Most of our farm animals are not fans of the snow. The goats and chickens stick to a flattened or shoveled path to walk and find places to warm their feet. They tend to find places up high out of the snow. Our ducks love to flap around as if taking a swim in the snow for a chilly bath. Ducks take many breaks and sit down to warm their feet as they explore nature's playground. The rabbits, especially our mama, Maple loves to show off her digging and snow plowing abilities as she moves the snow around her enclosure.
We learn much by watching the animals. Why do the chickens, rabbits, and goats look puffy? They conserve heat and warmth when they puff out their feathers and fur. Do they eat snow? Sometimes, who wouldn't want to taste that fluffy white stuff?! Can we eat snow? Although tempting, sadly no especially not on the farm, yuck! Do eggs freeze in the cold? Yes, so we need to grab them on those chilly days before they do. What happens if an egg freezes? The yoke and white expand and crack the shell.
Human friends are also puffed up in their snow gear! Winter is one of our favorite times at farm school. The landscape changes, and our forts and woodland areas get covered with snow. Snow is used to build walls, snow and ice are the main ingredients in recipes created in the mud kitchen, and snow angels and people are made.
The organic learning experiences offered by a blanket of snow is celebrated by educators and children. We notice numerous tracks. As these tracks are followed, compasses are used to observe which directions they travel. The size of the tracks are compared and guides are used to identify them. Binoculars allow us to observe squirrels scurrying up trees and birds darting back and forth from the bird feeders. Occasionally, an owl pellet is discovered on the ground, and we notice deer darting through the woods.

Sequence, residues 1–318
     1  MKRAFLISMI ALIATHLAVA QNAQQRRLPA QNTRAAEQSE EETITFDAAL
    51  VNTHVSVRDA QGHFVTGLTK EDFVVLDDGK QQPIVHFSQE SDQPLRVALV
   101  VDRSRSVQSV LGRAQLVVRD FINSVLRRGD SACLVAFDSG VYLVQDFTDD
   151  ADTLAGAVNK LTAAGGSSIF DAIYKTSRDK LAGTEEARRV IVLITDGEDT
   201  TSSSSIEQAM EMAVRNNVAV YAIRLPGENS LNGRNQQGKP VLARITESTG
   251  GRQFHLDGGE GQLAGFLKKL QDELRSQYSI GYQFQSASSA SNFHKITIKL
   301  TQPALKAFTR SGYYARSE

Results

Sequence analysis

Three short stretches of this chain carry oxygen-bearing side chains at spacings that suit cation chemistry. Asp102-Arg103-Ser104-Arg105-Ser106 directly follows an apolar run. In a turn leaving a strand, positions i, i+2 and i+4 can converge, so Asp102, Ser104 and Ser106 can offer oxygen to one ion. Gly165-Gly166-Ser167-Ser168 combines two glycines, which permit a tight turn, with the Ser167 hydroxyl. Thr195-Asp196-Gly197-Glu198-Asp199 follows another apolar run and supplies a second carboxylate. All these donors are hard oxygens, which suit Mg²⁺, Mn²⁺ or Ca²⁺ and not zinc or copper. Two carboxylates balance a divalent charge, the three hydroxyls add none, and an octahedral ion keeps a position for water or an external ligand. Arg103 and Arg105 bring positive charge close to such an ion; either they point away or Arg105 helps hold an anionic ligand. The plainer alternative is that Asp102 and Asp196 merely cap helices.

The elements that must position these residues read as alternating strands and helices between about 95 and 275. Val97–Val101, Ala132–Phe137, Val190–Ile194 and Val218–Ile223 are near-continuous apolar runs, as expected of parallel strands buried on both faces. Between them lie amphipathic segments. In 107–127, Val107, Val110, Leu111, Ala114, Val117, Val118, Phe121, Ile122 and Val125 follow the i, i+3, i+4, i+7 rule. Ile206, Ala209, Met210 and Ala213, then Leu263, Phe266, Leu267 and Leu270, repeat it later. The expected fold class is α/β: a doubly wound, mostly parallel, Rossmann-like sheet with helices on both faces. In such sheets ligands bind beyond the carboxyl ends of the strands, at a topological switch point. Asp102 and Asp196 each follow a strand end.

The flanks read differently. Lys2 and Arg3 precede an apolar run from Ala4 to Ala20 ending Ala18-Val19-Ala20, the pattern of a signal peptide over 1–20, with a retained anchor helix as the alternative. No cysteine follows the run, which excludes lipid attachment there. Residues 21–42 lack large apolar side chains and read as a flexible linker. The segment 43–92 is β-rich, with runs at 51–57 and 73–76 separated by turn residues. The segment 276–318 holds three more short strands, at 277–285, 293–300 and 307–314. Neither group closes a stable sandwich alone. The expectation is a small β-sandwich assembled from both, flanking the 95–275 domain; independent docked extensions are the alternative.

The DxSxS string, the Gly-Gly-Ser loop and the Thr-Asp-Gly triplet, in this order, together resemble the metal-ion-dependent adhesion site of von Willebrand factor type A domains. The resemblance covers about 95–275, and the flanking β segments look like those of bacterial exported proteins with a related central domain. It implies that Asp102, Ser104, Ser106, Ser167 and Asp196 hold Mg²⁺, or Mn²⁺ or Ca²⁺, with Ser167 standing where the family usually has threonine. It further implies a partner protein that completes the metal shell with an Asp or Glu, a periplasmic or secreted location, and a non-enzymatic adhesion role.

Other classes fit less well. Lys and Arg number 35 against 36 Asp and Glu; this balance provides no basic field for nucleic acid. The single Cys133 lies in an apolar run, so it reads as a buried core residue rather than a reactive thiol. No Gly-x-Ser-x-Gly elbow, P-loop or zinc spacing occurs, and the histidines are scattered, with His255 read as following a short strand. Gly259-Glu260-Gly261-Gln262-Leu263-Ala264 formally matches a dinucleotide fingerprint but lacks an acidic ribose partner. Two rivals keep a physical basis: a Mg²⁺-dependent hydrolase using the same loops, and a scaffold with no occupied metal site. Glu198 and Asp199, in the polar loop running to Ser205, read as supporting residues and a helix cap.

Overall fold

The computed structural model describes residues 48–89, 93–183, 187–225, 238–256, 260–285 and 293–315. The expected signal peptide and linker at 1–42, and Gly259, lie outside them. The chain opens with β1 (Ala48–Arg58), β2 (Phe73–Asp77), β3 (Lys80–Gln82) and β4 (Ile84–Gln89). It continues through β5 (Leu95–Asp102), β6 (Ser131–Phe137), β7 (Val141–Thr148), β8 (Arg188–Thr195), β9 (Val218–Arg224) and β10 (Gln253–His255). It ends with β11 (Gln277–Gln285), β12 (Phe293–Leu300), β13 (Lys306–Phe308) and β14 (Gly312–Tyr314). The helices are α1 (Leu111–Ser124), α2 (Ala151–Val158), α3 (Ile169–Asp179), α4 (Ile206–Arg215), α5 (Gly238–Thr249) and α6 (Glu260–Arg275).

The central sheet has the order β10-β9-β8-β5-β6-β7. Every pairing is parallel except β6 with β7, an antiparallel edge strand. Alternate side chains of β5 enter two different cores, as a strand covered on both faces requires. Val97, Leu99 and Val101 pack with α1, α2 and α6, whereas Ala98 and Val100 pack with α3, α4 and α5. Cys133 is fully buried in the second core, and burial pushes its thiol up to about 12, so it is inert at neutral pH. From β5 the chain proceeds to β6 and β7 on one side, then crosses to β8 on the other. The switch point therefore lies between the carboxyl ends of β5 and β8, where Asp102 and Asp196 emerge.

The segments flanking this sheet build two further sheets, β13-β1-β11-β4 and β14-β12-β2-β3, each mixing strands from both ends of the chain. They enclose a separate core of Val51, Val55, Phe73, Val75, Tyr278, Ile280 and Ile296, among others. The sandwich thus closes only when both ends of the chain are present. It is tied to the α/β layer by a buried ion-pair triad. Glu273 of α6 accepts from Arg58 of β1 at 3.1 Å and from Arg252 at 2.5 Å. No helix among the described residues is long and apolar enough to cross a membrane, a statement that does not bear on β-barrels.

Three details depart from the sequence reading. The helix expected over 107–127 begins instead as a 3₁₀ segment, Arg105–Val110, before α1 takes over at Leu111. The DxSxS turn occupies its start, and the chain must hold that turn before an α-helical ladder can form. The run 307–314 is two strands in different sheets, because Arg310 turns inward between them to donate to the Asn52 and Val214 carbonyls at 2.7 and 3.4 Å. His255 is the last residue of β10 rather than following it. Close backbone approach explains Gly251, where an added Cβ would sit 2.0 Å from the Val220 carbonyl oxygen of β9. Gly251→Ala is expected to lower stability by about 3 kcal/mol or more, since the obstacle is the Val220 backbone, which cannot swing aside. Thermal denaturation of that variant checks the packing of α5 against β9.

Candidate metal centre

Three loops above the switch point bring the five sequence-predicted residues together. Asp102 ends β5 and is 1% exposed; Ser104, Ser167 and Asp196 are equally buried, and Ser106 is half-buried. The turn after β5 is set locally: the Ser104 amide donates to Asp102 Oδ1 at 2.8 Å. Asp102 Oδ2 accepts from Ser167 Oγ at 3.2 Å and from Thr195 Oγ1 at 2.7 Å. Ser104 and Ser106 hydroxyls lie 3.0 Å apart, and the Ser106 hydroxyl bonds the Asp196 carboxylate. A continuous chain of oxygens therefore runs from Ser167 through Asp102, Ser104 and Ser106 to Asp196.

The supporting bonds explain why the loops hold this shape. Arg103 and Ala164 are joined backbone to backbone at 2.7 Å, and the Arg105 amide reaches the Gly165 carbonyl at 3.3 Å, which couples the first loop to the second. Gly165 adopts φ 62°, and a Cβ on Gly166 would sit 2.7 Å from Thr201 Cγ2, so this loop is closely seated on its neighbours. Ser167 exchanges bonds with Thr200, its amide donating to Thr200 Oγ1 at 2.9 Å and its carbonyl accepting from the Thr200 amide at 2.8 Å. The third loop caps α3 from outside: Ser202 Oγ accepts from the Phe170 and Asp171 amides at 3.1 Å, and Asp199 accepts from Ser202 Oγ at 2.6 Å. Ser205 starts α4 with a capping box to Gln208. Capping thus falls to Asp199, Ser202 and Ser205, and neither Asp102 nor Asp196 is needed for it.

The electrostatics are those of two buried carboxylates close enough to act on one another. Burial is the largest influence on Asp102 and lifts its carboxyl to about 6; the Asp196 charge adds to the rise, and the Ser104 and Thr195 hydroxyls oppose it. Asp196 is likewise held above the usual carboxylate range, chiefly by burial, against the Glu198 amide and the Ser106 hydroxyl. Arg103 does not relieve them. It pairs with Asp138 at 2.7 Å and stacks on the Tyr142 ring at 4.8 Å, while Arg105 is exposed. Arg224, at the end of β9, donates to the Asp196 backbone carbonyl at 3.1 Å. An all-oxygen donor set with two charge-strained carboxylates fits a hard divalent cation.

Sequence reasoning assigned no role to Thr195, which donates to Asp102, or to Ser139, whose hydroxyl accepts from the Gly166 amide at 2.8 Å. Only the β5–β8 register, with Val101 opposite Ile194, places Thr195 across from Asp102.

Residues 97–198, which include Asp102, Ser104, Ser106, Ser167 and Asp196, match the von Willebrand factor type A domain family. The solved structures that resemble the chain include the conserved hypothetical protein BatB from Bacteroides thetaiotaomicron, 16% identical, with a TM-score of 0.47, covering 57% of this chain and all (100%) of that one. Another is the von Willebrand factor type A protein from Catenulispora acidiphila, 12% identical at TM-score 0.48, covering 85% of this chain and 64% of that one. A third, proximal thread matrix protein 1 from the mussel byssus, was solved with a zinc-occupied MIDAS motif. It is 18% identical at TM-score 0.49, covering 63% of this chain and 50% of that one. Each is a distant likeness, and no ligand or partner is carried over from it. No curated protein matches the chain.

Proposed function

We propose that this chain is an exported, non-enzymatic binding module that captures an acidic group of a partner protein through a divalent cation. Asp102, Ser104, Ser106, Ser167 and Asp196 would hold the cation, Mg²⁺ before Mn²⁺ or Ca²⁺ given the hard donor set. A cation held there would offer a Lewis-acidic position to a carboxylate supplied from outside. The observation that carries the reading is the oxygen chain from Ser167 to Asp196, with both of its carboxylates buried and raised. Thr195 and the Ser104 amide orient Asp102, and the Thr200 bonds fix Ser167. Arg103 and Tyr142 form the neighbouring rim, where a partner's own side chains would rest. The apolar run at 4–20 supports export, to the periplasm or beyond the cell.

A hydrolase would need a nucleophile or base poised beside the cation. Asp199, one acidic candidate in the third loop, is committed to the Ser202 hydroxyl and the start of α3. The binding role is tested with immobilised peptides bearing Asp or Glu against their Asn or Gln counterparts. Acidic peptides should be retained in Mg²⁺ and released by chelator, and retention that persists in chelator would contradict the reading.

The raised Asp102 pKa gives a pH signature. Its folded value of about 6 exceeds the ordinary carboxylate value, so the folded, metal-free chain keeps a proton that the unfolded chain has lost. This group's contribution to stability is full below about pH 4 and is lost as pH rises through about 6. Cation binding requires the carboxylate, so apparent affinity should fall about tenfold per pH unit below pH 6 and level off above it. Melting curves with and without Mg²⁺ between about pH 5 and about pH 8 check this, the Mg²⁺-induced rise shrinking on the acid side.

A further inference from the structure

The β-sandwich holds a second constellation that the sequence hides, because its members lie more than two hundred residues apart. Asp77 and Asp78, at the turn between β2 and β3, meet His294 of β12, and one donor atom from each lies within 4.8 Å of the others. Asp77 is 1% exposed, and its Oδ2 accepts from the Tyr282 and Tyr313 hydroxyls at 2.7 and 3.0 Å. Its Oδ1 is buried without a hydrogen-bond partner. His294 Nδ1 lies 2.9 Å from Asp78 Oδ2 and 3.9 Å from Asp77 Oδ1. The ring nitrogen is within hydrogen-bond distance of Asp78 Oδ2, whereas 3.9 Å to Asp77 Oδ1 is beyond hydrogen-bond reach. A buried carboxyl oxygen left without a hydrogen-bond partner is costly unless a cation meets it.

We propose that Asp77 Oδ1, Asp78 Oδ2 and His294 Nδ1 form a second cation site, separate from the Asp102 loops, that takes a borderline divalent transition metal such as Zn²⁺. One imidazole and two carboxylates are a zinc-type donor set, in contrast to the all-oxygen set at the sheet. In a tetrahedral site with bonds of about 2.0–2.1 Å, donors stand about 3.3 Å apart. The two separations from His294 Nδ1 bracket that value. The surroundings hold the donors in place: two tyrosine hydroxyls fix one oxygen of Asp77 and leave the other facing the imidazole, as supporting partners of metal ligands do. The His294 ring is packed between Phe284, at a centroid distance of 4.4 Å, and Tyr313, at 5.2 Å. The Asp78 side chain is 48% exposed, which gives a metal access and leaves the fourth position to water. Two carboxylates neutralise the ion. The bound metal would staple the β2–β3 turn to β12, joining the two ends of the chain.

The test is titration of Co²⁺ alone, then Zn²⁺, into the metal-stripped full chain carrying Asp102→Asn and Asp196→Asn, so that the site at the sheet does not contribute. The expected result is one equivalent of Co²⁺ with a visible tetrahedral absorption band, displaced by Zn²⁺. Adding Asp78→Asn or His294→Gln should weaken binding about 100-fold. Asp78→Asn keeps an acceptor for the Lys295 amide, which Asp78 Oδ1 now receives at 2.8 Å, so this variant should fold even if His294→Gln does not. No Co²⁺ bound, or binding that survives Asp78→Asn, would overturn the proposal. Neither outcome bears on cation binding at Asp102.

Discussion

An outdoor classroom offers amazing opportunities to discover and learn. Questions are asked and answered. What happens when the snow melts? What happens when snow is added to a puddle? Does snow sink or float? Does ice sink or float? What happens when it melts and then refreezes?
Students compare the consistency of the snow and how it changes with the temperatures or from the heat of the sun. Leaves trapped in ice display ice crystals. Different thicknesses of ice allow us to experiment with and compare for strength and breaking patterns. We were not disappointed by the groundhog seeing his shadow, and the possibility of six more weeks of winter. The wish for snow and making more discoveries is one we all gleefully make!